Australopithecus Afarensis found in Ongata Rongai
Those of us who are avid fans of history would agree that Australopithecus Afarensis is one of the most well studied early human species. Paleontologists have found Australopithecus afarensis fossils in Kenya that suggest that the early hominin species lived much farther east than previously believed. In their report published in the Journal of Human Evolution, they detail the fossilised teeth and forearm bones from an adult male and two infant A.afarensis discovered in an exposure eroded by the Kantis River in Ongata Rongai. “So far, all other Australopithecus afarensis fossils had been identified from the center of the Rift Valley,” explained Masato Nakatsukasa of Kyoto University. “A previous Australopithecus bahrelghazali discovery in Chad confirmed that our hominid ancestor’s distribution covered central Africa, but this was the first time an Australopithecus fossil has been found east of the Rift Valley. This has important implications for what we understand about our ancestor’s distribution range, namely that Australopithecus could have covered a much greater area by this age.” Thanks to the fossil record available, which includes specimens from over 300 individuals, paleontologists estimate the species lived between 3.85 million and 2.95 million years ago, a 900,000 year period four times longer than modern humans have existed.“The Kantis hominin specimens are the first clear evidence of this species in Kenya.”According to the team, the Kantis region was humid, but had a plain-like environment with fewer trees compared to other sites in the Great Rift Valley where Australopithecus afarensis fossils had previously appeared. Stable isotope analysis has shown that the Kantis area was humid with a plain-like environment and fewer trees than the areas where A. afarensis fossils have previously been found. “The hominid must have discovered suitable habitats in the Kenyan highlands,” says Nakatsukasa. “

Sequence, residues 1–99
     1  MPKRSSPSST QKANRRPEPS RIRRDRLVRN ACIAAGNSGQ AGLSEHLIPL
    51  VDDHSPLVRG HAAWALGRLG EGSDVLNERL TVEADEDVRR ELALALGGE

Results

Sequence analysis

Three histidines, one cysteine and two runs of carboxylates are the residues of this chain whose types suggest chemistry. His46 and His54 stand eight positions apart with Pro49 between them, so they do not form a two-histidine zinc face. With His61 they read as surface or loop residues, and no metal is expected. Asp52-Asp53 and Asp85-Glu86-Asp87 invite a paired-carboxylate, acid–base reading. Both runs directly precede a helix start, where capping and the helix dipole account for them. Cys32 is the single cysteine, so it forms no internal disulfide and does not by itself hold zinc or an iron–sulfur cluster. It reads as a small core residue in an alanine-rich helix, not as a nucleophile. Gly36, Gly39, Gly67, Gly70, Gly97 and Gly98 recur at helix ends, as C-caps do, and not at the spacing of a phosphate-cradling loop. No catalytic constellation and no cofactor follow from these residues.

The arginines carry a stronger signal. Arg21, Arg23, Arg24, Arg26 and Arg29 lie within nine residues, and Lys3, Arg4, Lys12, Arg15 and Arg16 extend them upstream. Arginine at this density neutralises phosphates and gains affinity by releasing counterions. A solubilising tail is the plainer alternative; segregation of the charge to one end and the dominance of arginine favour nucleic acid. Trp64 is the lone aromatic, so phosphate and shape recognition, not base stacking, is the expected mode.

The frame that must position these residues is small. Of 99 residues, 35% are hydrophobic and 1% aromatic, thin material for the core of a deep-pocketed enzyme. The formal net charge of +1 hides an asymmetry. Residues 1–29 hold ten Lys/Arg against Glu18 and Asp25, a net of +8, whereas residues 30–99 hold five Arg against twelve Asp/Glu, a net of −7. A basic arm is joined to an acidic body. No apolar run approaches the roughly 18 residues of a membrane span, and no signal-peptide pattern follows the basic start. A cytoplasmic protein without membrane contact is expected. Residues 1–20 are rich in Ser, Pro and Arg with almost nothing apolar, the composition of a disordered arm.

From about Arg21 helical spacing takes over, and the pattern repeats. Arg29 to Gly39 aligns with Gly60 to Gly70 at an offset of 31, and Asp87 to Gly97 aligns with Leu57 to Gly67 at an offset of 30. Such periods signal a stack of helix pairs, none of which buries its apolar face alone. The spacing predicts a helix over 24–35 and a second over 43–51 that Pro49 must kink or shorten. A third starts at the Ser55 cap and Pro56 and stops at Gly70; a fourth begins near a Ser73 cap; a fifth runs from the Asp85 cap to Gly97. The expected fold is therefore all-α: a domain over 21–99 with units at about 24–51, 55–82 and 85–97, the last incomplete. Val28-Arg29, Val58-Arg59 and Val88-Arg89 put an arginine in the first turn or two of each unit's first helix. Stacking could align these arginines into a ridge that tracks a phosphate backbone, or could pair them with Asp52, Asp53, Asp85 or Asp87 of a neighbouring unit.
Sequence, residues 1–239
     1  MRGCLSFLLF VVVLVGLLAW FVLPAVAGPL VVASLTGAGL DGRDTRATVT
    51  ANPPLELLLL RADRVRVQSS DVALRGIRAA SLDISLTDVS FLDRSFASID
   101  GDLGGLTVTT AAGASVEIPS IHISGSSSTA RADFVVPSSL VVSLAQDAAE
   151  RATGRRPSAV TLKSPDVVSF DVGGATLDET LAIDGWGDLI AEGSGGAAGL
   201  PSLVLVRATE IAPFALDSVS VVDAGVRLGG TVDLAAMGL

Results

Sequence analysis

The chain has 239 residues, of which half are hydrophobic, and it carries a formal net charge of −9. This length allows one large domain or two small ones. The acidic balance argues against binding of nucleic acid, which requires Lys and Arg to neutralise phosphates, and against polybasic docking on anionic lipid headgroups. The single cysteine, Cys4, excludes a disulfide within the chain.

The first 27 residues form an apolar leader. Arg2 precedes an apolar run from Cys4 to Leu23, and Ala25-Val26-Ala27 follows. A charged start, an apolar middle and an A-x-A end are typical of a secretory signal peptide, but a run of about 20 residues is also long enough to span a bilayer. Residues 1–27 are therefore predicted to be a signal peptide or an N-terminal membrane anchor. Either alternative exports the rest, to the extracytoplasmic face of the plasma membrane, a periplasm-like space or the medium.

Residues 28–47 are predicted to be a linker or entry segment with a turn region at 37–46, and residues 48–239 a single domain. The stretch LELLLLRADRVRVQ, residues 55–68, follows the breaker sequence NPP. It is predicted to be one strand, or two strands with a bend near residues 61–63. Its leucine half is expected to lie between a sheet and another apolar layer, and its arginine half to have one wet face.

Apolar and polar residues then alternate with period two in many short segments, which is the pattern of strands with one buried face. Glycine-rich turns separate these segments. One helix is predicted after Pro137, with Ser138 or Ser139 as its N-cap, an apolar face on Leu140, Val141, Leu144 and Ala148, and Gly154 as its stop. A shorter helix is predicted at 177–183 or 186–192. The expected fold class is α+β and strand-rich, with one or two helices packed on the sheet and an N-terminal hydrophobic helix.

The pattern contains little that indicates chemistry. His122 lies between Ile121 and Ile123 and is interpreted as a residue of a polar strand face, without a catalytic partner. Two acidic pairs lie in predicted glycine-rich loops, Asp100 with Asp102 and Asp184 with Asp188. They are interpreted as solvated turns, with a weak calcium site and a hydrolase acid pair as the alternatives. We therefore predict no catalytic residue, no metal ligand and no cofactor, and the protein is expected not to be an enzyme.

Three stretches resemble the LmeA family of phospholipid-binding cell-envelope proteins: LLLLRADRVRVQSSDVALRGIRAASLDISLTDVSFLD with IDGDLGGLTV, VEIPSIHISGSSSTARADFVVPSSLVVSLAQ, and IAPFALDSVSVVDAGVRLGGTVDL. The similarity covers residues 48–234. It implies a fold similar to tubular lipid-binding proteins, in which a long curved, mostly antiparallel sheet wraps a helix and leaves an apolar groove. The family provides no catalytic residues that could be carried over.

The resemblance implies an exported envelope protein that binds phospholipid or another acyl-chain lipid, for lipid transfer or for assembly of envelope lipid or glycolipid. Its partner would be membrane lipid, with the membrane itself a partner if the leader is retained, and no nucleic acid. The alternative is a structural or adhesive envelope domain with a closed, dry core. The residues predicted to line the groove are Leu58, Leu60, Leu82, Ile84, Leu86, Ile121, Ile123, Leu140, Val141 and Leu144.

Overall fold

It seems that A. afarensis was good at adapting to varying environments.” “Australopithecus afarensis was previously known from northern Ethiopia to northern Tanzania,” the researchers said. “According to available records, the presence of Ausralopithecus afarensis in the Turkana basin of Kenya is contested.”Ausralopithecus afarensis was first discovered in 1974, with the famous ‘Lucy’ fossil, the species has played a ground breaking part in developing our understanding of human evolution. Ausralopithecus afarensis exhibited characteristics of both humans and apes. Face and brain case were very much reminiscent of primates, as were their long, curved arms which would have allowed them to climb trees with ease.On the other hand, Ausralopithecus afarensis small canine teeth, and body which stood on two legs were very similar to other early humans.Significantly, the Kantis region where the latest remains were unearthed would have been different to environments usually assumed to have been the domain of Ausralopithecus afarensis. Stable isotope analysis of the surrounding area revealed that three million years ago Kantis was a humid, plain like environment with markedly fewer trees than the other sites where evidence of Ausralopithecus afarensis has been discovered.“The hominid must have discovered suitable habitats in the Kenyan highlands. It seems that Ausralopithecus afarensis was good at adapting to varying environments,” Nakatsukasa noted.Nakatsukasa and Emma Mbua of Mount Kenya University findings force a reevaluation of the geographic distribution of some of our oldest ancestors, while also revealing Ausralopithecus afarensis was much more adaptable than previously thought.